Montana, United States — Insurance provider State Farm will pay a US$2 million settlement following a two-year investigation by the Montana State Commissioner of Securities and Insurance (CSI) into the insurer’s claims handling practices.
The investigation revealed that State Farm had underpaid some drivers who had been in accidents with State Farm’s insureds from November 1, 2018, through April 15, 2022.
The settlement and order also require State Farm to reevaluate all affected claims and pay any additional money that may be owed to Montana customers.
CSI also recommended that State Farm “review and update, if necessary, [the] claim handling policies and procedures and manage the products of vendors to ensure a reasonable investigation is completed.”
If State Farm does not take corrective actions, CSI will fine the insurer an additional US$2 million.
As a result of CSI’s investigation, State Farm reports that it has reviewed more than 2,436 Montana claims and made an additional US$1,182,927.43 in payments to Montana customers.
Prior to the investigation, CSI received “numerous complaints from consumers about [State Farm] applying comparative negligence against them in situations where the customer believed they were not at fault.”
State Farm then signalled it found 573 claims dated between November 1, 2018, and November 1, 2020, wherein comparative negligence was applied to the third-party claimant. CSI selected 65 for review, at random, and discovered 20 which it believed State Farm “did not conduct a reasonable explanation of the basis of the decision in relation to the factors or applicable law after applying comparative negligence and reducing payment accordingly.”
When a further 32 complaints were received, CSI found 10 that lacked reasonable investigation or explanation.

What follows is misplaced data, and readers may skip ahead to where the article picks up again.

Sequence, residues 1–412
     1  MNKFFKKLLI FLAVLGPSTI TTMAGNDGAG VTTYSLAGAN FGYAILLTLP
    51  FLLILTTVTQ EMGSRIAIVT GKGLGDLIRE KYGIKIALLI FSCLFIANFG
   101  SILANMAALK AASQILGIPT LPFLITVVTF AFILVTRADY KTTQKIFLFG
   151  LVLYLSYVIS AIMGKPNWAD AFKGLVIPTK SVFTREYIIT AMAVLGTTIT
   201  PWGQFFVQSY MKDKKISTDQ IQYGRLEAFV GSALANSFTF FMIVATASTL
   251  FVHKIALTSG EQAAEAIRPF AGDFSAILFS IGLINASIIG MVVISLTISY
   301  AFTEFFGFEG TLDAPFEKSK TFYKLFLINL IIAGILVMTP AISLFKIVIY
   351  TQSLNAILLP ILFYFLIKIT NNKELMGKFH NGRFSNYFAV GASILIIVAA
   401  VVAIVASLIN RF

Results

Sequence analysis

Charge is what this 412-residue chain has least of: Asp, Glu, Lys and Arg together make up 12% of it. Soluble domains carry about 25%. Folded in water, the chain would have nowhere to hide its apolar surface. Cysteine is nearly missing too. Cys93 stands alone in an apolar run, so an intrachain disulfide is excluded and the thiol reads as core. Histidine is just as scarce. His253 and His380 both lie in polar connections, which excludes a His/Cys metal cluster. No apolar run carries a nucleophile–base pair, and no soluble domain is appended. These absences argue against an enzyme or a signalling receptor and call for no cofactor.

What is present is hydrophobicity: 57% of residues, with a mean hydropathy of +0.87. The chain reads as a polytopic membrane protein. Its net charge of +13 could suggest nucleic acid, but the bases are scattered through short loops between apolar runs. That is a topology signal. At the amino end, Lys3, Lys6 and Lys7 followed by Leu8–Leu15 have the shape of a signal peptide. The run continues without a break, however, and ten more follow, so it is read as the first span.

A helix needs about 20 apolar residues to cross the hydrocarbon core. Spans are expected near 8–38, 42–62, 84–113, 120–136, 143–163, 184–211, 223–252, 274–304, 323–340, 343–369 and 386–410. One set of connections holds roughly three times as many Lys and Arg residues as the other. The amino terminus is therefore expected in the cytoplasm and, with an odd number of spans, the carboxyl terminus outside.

Examination Resources then examined 200 claims from 841 filed between late 2021 and early 2022. State Farm had previously audited the claims, making additional payments to 49 applicants—all of whom had filed complaints with CSI.
Following the investigation, CSI concluded that errors were found in 91 out of 198 claims—a 46 percent error rate—for which the insurer did not promptly provide a reasonable explanation for claim denial or offer a compromise settlement, and failed to conduct an investigation.
It also said State Farm did not pay for loss of vehicle use, as required by a 2022 memorandum, in 96 of 153 sampled claims; an error percentage of 62.8 percent.
Finally, it concluded that State Farm did not make a “good faith” attempt to come to equitable settlements in which liability was “reasonably clear,” according to Montana law.
“Today we send a clear message that Montana will not tolerate unsupported fault being placed on victims of auto accidents,” said Troy Downing, Montana Commissioner of Securities and Insurance. “I expect insurance companies to complete a full, fair, and transparent examination of the facts and law and to pay what is owed as required by law.”
This is reportedly one of the largest settlements of its kind in the CSI’s history.